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If your on-page SEO is in place, but you still have yet to see results, you could consider a link building strategy. Let's walk through what link building means, how to implement it, and how to keep track of inbound links to your site.
What is Link Building?
Link Building has been around since the start of SEO. Some pretty smart, old-school SEOs discovered that the more inbound links Google found for a domain, the higher it tended to rank. Unfortunately, this led to link spamming, and that iteration of the Google Ranking Algorithm is long gone.
Link Building is the strategy of working with different domains, partners, content creators and otherwise to generate strong, postitive-SEO links directing to your site. The purpose of link building for SEO is to use the concept of PageRank, or the SEO value passed from one page to another, to improve your own domain's SEO.
How Do You Start Link Building?
The best, and usually the easiest way to start link building for SEO is to work with current clients and partners to "get your name out there" Encourage clients to mention their work with you somewhere on their site. You can also work on content marketing and/or research. If you or your business specialized in a niche, there is likely someone out there looking to digest content about it. Be wary here, Google no longer passes on PageRank from guest blog posts. It's better to stick to publications, relevant news sources, etc.
Local review/rating sites such as Angie's List have a high Domain Authority - meaning Google views these sites as trustworthy and useful to readers. If you offer a product or service that makes sense to list on local review sites - go for it! It's a great way to multitask and ensure that business information is accurate on other webpages than Google My Business.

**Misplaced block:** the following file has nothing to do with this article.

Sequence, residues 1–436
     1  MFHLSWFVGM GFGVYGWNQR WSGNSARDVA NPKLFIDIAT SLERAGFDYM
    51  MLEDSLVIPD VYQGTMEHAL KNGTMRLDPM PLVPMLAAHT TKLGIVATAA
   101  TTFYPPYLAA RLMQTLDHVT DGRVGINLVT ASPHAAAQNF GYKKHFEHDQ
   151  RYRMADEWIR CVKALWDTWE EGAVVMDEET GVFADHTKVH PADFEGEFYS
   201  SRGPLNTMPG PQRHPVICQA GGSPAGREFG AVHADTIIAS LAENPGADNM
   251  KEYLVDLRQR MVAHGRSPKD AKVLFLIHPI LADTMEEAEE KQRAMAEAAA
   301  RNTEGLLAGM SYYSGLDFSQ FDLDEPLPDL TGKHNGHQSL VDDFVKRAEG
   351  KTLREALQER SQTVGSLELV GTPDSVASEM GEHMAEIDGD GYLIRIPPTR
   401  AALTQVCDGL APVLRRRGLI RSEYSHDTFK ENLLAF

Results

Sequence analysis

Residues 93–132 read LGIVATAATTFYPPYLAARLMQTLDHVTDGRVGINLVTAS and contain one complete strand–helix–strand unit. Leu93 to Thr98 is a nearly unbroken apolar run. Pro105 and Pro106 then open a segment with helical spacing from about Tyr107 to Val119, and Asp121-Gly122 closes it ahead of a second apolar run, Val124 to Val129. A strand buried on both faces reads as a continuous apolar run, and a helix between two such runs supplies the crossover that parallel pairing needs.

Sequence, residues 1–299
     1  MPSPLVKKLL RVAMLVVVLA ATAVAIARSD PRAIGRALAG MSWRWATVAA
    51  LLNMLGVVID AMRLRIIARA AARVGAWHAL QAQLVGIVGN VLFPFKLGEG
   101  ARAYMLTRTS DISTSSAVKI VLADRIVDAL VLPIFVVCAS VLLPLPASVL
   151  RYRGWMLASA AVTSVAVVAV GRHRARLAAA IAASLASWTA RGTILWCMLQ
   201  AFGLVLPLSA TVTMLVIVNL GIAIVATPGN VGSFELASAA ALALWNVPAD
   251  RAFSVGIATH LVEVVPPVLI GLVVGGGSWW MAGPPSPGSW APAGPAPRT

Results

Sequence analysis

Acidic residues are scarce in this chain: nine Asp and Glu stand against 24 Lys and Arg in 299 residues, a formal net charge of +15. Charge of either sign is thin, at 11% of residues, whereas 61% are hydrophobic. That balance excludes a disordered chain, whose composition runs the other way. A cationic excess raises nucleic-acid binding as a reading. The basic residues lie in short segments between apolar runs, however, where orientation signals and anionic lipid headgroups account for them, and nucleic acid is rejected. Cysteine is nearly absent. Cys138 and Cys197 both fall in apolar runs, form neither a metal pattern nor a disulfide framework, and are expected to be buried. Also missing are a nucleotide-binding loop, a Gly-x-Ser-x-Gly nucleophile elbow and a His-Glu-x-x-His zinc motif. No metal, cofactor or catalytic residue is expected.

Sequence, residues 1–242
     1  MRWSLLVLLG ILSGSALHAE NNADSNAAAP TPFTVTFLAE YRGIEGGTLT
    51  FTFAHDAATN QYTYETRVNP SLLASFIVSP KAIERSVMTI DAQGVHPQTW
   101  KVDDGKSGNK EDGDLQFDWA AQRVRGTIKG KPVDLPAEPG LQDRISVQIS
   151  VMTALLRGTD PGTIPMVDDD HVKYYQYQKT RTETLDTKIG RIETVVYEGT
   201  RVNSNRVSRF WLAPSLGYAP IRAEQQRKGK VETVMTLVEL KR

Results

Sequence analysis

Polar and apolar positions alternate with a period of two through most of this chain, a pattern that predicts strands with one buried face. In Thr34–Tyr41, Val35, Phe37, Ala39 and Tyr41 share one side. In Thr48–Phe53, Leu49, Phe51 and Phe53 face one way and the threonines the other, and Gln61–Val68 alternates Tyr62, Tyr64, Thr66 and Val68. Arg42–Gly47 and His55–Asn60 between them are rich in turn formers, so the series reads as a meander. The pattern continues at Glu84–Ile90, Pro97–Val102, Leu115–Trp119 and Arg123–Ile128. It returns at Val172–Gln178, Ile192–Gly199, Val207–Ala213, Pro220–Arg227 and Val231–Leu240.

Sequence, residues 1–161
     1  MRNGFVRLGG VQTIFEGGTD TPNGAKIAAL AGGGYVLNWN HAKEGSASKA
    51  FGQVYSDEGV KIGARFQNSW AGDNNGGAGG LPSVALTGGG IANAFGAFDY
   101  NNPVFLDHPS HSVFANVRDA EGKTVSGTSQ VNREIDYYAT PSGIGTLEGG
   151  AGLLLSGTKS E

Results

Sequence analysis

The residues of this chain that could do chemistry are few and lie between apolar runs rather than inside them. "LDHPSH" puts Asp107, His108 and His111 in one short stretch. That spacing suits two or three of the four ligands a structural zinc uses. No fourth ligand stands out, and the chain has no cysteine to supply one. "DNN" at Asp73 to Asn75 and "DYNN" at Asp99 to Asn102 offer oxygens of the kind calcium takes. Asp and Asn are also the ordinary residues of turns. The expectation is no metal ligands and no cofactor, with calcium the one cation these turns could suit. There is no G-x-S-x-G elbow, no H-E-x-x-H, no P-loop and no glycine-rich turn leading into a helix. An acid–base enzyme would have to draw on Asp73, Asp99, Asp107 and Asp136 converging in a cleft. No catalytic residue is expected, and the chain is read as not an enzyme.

In general, the higher the Authority a domain has, the more PageRank will trickle down to your site. There are a few stipulations, however. Urls found in comment sections and non-relevant parts of site content will not magically pass on PageRank. This is what caused the link spamming crisis of the aughts and Google don't play those games no more.
A few other factors to consider:
- How high the link is on the referrer's page
- What the anchor text is
- If the link appears in-context or within the content
How do you track Backlinks?
There are a ton of Backlink tracking tools available out there. If you find that your site is gaining a ton of traffic despite not directing people there in recent memory, you've likely gained a useful Backlink, or link to your site from another domain.
SEMRush and ahrefs have simple tools to help you see which backlinks you've earned, lost, and even estimate how much traffic will them from them. These tools are also useful to see if any backlinks have broken.
Part of link building maintenance is keeping up with broken links, and reaching out to webmasters to ensure that backlinks are functioning. After all, even the highest-ranking sites cannot pass on PageRank if the url they're linking is broken/old/kaput/not #hwtk.